Atkins was huge then and it was my first experience with dieting after WW refused to let me join as I wasn’t overweight and I was only 14. Atkins was easy and I became severely underweight .. as always I became sick of Atkins and gained the weight back plus a heap more, now I was overweight where as I was the perfect weight before.

    I tried vegan diets and Susan Summers etc etc and just got heavier, I believe the cortisol theory re stress and releasing fat absorbing hormones, or however it goes.

    Then one day in the Health” section of the local book store, I saw in big letter Shwartz book Diets Don’t Work, eat like a thin perso, eat whatever you want.. and I thought ‘what the hell is this dude on about??’ I bought the book as I hated dieting with a passion and I loved food so why not.

    Within a hours of reading his theories about The Last Supper, deprivation and his experiments and observations with “naturally thin” people I felt s HUGE release from stress, food obsession dismay and all the food crap luggage I’d been brainwashed with. I’m not exaggerating one bit.

    I decided to eat like a thin person. I started walking to this cafe to meet a friend for coffee, I would order whatever I wanted. Fries with gravy, very Canadian at the time. I ate maybe a third of the plate and then left the rest. It’s wasted if I ate it or threw it away.

    I could go on and on about this but have to meet a friend for coffee in a few minutes .. keep on keeping on with your message I love reading your work X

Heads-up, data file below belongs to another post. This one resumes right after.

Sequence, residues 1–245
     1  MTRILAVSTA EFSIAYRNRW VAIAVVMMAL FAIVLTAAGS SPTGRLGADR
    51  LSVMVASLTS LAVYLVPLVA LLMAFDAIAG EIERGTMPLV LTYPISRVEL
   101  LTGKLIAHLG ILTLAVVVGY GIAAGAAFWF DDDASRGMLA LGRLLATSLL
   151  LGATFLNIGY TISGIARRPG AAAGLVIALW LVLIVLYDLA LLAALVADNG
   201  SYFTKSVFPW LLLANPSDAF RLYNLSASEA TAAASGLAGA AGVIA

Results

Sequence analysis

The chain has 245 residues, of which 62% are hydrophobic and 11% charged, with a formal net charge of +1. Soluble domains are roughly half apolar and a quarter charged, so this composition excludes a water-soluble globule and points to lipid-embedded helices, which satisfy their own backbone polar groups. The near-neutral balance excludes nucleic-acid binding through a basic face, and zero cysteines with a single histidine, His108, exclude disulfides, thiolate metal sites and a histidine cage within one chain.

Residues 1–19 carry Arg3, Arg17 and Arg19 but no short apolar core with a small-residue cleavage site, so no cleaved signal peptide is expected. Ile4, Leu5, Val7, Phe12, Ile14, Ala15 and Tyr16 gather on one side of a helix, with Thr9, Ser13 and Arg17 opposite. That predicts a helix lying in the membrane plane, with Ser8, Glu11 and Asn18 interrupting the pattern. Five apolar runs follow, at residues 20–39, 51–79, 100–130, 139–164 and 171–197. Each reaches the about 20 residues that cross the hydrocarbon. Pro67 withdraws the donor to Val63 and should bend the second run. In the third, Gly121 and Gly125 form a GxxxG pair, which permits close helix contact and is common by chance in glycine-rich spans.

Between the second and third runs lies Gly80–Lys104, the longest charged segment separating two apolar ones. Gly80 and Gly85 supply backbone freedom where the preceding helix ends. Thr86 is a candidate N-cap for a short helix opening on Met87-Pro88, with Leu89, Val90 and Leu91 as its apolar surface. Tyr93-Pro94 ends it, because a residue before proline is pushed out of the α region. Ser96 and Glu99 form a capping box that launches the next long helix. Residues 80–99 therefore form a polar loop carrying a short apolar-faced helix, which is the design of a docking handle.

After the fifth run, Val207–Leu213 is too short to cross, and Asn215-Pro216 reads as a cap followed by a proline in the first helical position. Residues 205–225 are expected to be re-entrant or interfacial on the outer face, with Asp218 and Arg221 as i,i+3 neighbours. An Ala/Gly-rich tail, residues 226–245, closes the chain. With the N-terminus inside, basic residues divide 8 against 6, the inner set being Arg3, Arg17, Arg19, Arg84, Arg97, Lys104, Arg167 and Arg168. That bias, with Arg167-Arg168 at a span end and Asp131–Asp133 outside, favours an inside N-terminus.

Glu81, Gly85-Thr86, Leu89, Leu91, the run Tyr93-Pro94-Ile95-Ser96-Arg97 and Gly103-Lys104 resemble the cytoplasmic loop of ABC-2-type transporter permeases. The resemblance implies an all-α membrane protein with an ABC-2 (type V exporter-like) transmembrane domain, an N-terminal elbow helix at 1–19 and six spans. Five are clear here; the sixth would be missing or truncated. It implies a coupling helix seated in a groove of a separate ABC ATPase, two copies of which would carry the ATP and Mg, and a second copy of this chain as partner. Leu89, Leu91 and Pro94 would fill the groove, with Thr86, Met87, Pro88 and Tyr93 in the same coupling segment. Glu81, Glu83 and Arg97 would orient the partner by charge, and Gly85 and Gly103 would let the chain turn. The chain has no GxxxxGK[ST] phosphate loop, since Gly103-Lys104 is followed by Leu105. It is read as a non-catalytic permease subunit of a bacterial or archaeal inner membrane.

Ps I lost 7 pounds the first week

    Like

  5. ebay313 January 26, 2016 / 3:52 pm

    My experience with dieting, not that my dieting ever got me thin, was the same in terms of being all consuming. I spent all my time thinking about and worrying about food and calories, what I would eat when. One of the reasons I’ve given up dieting. It gets exhausting thinking about calorie restrictions constantly.

    Like

    • GlenysO January 27, 2016 / 9:44 am

      Right! Most people on diets live this way but only a very tiny 5% is actually “rewarded” for it – if reward means a totally shit quality of life when it comes to food.

      Like

  6. watchheremerge January 26, 2016 / 7:26 pm

    Great perspective as always. I’ve always suspected that the 5% population of “Success Stories” is really just an artifact of the GOOD NEWS that only about 5% of the population is willing to throw away quality of life concerns in favor of a lower weight for the long term. Means 95% have their priorities straight at the end of the day? Anyway loving the podcasts, keep em comin!

    Like